UCS hires first full-time counselor, more hires to come in spring


Micky Braeger

Dr. Yau speaks at an SGA meeting.

DePaul’s University Counseling Services made their first full-time hire of the school year. 

Two more full-time counselors will begin working in May 2022, according to UCS Director Tow Yau. 

UCS expects to have a total of nine full-time counseling positions by this June and will begin to see students in fall quarter 2022, according to Yau.

These are the first official full-time hires UCS has made since outsourcing all counseling to My Student Support Program (SSP) in July 2021. Four temporary part-time counselors were hired in January and have been providing 15 hours of clinical services in Lincoln Park and five to the Loop, according to Yau. 

“We have other applicants and hope to fill all remaining positions by June, though hiring in this area continues to be a challenge nationwide,” Yau said in a statement to The DePaulia.

Yau also confirmed he is continuing to work with the Student Government Association (SGA) to create a mental health task force. 

Riley Reed, SGA senator for LGBTQ+ students, said she has heard student concerns over My SSP and available services from the university. The task force is still in its planning phase. 

“We, as a student body, want to make sure that people have access to proper mental health care on college campuses because, frankly, as we’ve seen since the pandemic, it has been subpar,” Reed said. 

Students may run into insurance issues if they choose to outsource counseling. During fall quarter, UCS would make personalized referrals based on insurance plans, according to Yau. 

“Students are so frustrated because if you don’t like having certain insurance, it’s really hard to get covered,” Reed said. 

DePaul students will have access to My SSP through the end of the academic year, according to Yau, and it is undetermined whether that will be renewed. Yau said that student use of My SSP has wavered throughout the quarter.

“The number of students accessing My SSP has dipped slightly but remains steady,” he said. “In our experience, the number of students accessing the app ebbs and flows throughout the quarter.”

Sophomore Evelyn Hernandez said she was referred to My SSP but was confused about how it worked. 

“It was unclear as to how to set an appointment; there wasn’t much explanation about it and navigating the website to figure out how to even get an appointment in the first place was hard,” Hernandez said.

She has attended three sessions with two different counselors.

“I’ve had two sessions with my current counselor, and it’s been going all right but also weirdly feels like I’m talking to a robot, but it is helpful,” Hernandez said.

My SSP says it is a telehealth service via telephone, app and web, according to its homepage. This quarter, DePaul students had the opportunity to meet with their counselors in person. 

“My SSP counselors in Chicago have also conducted 30 in-person sessions with DePaul students,” Yau said. 

The Division of Student Affairs held a mental health fair this past quarter, where Courtney James, director of student involvement, talked about how different departments are trying to help students while UCS restructures.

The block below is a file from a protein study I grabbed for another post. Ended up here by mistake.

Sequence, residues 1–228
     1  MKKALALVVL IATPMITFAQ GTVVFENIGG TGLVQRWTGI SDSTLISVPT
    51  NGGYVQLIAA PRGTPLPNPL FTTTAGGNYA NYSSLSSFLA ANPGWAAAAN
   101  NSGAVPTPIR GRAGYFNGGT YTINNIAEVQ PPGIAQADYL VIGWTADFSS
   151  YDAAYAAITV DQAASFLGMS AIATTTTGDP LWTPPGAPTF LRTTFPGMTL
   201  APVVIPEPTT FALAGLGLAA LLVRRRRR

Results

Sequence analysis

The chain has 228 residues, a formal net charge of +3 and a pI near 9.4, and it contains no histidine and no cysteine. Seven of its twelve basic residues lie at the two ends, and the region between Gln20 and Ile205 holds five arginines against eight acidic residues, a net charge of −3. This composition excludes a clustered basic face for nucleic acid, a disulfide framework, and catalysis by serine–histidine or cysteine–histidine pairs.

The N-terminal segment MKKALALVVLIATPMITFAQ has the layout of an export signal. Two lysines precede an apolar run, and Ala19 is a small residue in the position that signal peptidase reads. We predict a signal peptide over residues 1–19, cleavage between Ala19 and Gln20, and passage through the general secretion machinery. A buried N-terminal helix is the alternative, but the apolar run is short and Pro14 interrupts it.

“We all know what’s going on with UCS,” James said in a previous DePaulia article. “This isn’t the only solution. This is a part of what students are asking about, and a part of what we need to do.”

Senior administration has not released a statement regarding UCS. In fall quarter, Vice President of Student Affairs Gene Zdziarski sent a universitywide email about My SSP, but did not explain why they added the resource. President A. Gabriel Esteban did not address the lack of counselors in his 2021 State of the University presentation. 

Provost Salma Ghanem said during the joint university town hall between staff, the Faculty Council and SGA in January that they will “assess the situation as it unfolds,” according to previous The DePaulia reporting. She also said they did not plan to invest more funding into UCS. 

“Once positions in UCS have been filled, the university will assess if mental health service needs have been met,” Ghanem said during the meeting. 

There have been no updates since then from the administration about UCS. 

“The higher admin needs to be held accountable for the lack of support they’ve done for their students,” Reed said. “They haven’t addressed it because they think that [My SSP is]  working. They need to be held accountable by students as a whole because it’s not working.”

UCS was also present at the mental health fair. Yau said it was a way he could be more in tune with students’ mental health demands.

“These events reinforced how important it is for us to be attuned to the various mental health needs of our students,” Yau said. “It will be helpful to listen to the students and learn about any gaps in support as well as the types of services that would support student success.”

Reed said that she trusts Yau to lead UCS and implement new programs for students. This includes hiring diverse counselors. 

“[Yau] was saying he really wants a more equitable approach to [counseling] and getting therapists that actually represent the student body, whether they be queer therapists or therapists of color, ones that can connect with students a little bit better,” Reed said. 

UCS will plan to implement group treatment programs for alcohol and drug use, trauma informed care and survivors of sexual violence in fall 2022.